I've wondered for a long time whether yoga would help James's asthma, so I invited him along today. He's extremely flexible, and as difficult as it was for him to encounter Bikram for the first time, he enjoyed it. It was great to have his company, but I did have to force myself to focus on me and quell my impulses to correct his newbie form. I hope he'll consider continuing with Bikram once the semester is over.
James is studying John Donne in one of his classes at Berkeley right now, which makes me happy, because Donne is one of my favorite writers. He was a master of the poetic form known as the sonnet.
I was thinking about sonnets just the other day. My daughter Hope asked me whether I ever get bored in yoga class, since it's always the same. At first I laughed and said, "I'm working too hard to be bored." But then I answered her with my favorite passage from Madeleine L'Engle's great novel A Wrinkle in Time. In it, a character named Mrs. Whatsit says this:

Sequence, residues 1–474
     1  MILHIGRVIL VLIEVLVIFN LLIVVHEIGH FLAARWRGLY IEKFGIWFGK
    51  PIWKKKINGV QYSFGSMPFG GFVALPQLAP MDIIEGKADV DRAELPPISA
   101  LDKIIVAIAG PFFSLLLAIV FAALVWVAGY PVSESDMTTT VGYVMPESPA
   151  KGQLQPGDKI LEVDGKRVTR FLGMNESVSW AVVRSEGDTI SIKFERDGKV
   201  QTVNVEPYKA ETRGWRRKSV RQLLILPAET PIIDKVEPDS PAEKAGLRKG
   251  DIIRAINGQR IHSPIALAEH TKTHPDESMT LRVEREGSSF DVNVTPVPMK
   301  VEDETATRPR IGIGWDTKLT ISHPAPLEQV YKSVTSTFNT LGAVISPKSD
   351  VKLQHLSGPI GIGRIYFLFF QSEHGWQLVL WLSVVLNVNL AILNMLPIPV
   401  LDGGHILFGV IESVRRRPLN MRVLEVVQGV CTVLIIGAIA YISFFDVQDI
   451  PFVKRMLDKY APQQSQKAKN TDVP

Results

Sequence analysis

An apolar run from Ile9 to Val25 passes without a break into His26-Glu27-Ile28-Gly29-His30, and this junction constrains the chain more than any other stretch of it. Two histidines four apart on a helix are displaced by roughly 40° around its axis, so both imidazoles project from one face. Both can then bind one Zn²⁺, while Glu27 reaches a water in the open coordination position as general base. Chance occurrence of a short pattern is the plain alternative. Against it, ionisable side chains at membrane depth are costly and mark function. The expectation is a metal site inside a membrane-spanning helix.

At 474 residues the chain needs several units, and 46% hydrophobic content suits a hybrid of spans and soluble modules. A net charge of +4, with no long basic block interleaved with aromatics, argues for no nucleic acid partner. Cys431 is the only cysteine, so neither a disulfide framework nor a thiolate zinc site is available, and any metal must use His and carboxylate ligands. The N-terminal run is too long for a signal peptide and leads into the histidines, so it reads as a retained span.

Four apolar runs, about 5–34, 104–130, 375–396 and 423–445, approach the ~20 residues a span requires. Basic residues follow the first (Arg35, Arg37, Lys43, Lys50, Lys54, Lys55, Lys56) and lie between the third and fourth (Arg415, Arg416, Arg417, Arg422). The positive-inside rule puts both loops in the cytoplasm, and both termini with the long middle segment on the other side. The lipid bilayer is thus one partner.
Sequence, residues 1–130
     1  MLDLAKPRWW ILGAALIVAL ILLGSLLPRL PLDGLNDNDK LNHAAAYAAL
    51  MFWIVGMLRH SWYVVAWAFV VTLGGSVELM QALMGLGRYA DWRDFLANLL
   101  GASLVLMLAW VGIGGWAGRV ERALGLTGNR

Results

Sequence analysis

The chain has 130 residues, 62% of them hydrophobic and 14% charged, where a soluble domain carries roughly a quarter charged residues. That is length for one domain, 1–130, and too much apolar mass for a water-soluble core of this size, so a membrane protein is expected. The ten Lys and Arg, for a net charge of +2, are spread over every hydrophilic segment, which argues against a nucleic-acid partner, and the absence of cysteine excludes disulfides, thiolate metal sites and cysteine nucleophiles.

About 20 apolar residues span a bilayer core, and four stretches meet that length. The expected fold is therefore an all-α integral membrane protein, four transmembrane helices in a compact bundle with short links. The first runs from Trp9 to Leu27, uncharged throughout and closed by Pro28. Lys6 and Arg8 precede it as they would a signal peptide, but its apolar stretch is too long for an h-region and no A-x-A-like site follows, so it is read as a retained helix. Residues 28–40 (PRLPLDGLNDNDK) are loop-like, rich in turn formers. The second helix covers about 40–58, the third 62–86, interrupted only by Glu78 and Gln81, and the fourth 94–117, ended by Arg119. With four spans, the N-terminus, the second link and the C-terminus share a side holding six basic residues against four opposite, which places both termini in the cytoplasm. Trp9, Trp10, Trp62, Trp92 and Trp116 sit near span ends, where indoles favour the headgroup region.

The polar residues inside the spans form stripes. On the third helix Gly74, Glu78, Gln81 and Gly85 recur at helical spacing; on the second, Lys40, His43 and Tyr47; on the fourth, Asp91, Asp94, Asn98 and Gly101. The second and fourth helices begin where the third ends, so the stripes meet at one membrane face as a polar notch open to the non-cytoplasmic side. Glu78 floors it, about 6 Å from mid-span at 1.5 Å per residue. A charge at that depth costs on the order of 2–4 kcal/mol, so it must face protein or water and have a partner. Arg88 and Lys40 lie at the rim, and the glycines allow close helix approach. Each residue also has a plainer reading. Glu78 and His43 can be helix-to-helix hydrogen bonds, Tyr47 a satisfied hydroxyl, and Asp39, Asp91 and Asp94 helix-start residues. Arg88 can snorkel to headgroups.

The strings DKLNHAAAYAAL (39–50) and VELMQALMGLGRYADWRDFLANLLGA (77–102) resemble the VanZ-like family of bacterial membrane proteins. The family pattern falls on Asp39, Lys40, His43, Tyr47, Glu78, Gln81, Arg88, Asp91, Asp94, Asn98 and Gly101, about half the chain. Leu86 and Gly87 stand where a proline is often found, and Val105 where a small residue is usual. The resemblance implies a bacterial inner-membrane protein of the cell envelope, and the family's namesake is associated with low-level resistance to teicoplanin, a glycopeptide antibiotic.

In your language you have a form of poetry called the sonnet…There are fourteen lines, I believe, all in iambic pentameter. That’s a very strict rhythm or meter…And each line has to end with a rigid pattern. And if the poet does not do it exactly this way, it is not a sonnet…But within this strict form the poet has complete freedom to say whatever he wants…You’re given the form, but you have to write the sonnet yourself. What you say is completely up to you.I find Bikram class to be like a sonnet. It's a strict form, and precision and exactness are encouraged. But within that form is a whole range of human expression; in fact, the very structure of it highlights individuality, in my opinion. No, I'm never bored in Bikram's yoga class, and I don't think I ever will be. I've been given the form, but I have to write the sonnet myself. What I do with it is completely up to me.